Waltzes [B] and Other Works
Another album of Series B dedicated to Waltzes contains more than the nine pieces of the genre published after the composer’s death. Their short duration created an opportunity to supplement the recording repertoire of the National Edition cycle by the pieces which were missing before: Impromptu in C sharp minor, No. WN 46, from the Various Works volume and the Andante spianato and Polonaise in E flat major, Op. 22, in the version for one piano. In addition to those compositions, the album also contains selections made by the performing artist: Waltzes in A minor, Op. 34, No. 2, D flat major and C sharp minor, from Op. 64.
The Waltzes belong to those pieces which are most frequently published and highly appreciated.[…] Chopin’s waltzes go back to a number of models, with the earliest reaching out to the waltz tradition existing in Poland. One can say that Chopin’s generation „grew up” in the rhythm of the Viennese waltz in its native issue. The characteristics of that issue, which was a popular dance at that time called the walcerek, included frequent use of the lendler rhythms, next to the rhythmics of the oberek and the mazurka. Chopin frequently heard waltzes of the popular, urban or court types, played at balls or social meetings. He was also well abreast with the Austrian and Viennese traditions. […]Chopin divided his waltzes into two separate groups: social and concert waltzes. All the pieces published after the composer’s death belong to the former group, which hardly depreciates their value, the more so as the boundaries between the two types are often blurred.
The first five pieces recorded on our album originate from Chopin’s Warsaw period, while the remaining four were written in Paris. The Warsaw Waltzes were probably composed in 1829 [the dates of origin are quoted here after the National Edition]. The Waltzes in E major, No. WN18, and A flat major, No. WN 28, were the first attempts at trying out the dance form convention, with a separated trio, representing usable music formed in accordance with the Polish model mentioned before (Waltz in A flat minor, in particular). The next three waltzes composed in Poland and most certainly after Chopin’s first stay in Vienna (1829), reveal Chopin’s personal stylistic idiom. The middle part of Waltz in B minor, No. WN 19, similarly to the trio of Waltz in D flat major, No. WN 20, saturated with passion, proclaim the mature lyrics of the Paris Waltzes. Our selection of waltzes is adorned by Waltz in E minor, No. WN 29, of 1830, one of the most precious manifestations of Chopin’s invention of that time. According to some specialists, the composer left far behind the striking waltz stylisation of Weber’s Invitation to Dance. Chopin’s waltz was probably the first concert waltz, with an introduction and a coda, full of pianist glitter and swing. Behind the waltz’s virtuoso faćade, there is a new expression with a strongly Romantic nature. In fact, that is a ballade-waltz, with the theme suggesting a colourful poetic story supplemented by a contrast of unique brightness in the trio, being a unique anticipation of the later dance poems.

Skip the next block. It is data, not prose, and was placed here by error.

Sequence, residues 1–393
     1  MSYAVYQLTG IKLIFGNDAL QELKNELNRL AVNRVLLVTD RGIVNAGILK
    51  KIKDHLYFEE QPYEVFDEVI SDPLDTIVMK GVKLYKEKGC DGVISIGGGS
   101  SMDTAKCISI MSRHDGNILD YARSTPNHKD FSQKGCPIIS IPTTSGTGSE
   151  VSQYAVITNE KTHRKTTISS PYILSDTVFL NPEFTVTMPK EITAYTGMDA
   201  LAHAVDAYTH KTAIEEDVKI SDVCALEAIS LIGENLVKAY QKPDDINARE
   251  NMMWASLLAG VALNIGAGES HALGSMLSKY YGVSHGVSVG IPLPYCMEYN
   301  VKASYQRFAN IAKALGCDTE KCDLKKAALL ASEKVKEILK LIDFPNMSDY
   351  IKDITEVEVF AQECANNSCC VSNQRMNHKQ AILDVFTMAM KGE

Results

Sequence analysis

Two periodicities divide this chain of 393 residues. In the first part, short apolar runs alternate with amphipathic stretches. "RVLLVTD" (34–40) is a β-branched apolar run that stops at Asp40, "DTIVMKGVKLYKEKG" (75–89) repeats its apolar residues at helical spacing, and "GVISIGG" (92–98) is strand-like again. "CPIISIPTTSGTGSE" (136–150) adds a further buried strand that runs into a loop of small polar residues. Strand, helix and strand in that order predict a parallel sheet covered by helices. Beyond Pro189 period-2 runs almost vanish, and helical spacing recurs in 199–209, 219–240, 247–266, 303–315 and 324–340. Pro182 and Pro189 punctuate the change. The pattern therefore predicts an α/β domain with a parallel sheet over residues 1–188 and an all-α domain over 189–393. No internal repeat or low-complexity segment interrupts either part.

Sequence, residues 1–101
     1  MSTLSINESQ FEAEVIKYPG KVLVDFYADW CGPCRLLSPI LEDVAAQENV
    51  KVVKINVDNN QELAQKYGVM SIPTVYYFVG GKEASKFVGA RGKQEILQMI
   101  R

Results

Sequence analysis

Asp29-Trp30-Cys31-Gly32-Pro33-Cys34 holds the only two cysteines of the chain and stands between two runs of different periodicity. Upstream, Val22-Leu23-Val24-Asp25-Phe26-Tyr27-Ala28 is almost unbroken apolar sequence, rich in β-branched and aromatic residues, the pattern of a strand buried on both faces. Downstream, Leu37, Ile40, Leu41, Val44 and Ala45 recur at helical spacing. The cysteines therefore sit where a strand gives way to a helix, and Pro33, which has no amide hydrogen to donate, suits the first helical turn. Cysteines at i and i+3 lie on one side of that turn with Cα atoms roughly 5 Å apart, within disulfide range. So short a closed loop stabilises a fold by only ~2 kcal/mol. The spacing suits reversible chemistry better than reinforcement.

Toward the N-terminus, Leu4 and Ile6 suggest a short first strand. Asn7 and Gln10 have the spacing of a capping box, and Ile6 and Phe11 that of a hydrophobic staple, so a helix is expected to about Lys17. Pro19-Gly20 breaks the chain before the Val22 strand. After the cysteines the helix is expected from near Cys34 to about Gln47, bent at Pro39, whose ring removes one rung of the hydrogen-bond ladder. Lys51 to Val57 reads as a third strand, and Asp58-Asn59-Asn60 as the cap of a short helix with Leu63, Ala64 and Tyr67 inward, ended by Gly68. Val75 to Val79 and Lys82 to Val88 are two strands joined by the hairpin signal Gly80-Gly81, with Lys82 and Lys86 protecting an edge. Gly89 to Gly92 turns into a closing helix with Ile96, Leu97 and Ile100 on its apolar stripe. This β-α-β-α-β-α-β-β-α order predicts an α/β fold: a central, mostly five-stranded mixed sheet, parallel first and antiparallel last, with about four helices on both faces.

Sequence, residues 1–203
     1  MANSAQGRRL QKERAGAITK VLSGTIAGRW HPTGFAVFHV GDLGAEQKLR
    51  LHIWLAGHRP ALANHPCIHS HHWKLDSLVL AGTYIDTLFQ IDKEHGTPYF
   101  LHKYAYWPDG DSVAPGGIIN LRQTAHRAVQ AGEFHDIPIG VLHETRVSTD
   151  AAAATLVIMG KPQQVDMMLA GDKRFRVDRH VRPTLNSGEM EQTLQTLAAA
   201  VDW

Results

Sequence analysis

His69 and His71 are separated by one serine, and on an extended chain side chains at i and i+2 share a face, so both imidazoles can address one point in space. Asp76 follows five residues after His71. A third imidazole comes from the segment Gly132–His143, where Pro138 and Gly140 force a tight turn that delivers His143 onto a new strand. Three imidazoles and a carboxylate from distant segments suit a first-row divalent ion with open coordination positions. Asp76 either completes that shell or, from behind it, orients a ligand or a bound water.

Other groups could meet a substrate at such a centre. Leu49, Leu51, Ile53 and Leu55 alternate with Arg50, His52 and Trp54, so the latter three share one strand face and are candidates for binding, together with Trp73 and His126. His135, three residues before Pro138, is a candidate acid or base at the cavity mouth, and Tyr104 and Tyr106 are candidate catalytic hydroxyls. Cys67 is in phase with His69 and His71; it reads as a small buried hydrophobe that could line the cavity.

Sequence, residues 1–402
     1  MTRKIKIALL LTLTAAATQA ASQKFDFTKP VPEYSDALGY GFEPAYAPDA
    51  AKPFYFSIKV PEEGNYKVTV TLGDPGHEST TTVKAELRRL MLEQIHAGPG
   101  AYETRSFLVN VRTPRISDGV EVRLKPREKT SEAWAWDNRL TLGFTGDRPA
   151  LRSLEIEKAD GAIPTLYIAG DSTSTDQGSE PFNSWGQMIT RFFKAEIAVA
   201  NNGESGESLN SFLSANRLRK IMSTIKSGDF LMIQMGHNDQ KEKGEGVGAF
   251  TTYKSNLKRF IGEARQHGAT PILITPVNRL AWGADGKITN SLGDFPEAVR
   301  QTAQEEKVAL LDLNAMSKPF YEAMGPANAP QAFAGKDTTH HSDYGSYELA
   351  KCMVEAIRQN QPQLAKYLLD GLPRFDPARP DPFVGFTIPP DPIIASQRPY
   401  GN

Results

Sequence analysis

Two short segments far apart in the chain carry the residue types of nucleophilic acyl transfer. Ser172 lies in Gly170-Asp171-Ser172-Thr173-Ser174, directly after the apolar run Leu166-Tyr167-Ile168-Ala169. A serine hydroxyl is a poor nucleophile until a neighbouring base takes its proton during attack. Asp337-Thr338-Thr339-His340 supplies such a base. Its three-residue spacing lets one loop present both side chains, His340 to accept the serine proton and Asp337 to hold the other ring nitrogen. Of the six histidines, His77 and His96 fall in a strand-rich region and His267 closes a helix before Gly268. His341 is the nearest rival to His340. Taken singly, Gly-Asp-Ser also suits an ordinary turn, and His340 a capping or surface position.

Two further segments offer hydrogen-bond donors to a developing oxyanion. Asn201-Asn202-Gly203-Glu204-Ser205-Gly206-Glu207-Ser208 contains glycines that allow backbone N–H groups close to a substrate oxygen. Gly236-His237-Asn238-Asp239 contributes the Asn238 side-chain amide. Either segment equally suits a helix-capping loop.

The Paris Waltzes of the social type are not uniform in composition. The succinct Waltz in G flat major, No. WN 42, of 1832, associates the virtuoso element with singing lyrics, while Waltz in A flat major, No. WN 48, is an expressive example of a separate dance variation, combining the rhythms of the waltz and the mazurka. The melancholic 1841 Waltz in F minor, No. WN 55, inserted in many albums, represents typical compositions of the private type, while the standard Waltz in A minor, No. WN 63, composed together with the Sonata, Op. 65, and other pieces in 1847-1849, contains that profound sadness of the composer’s „final style.”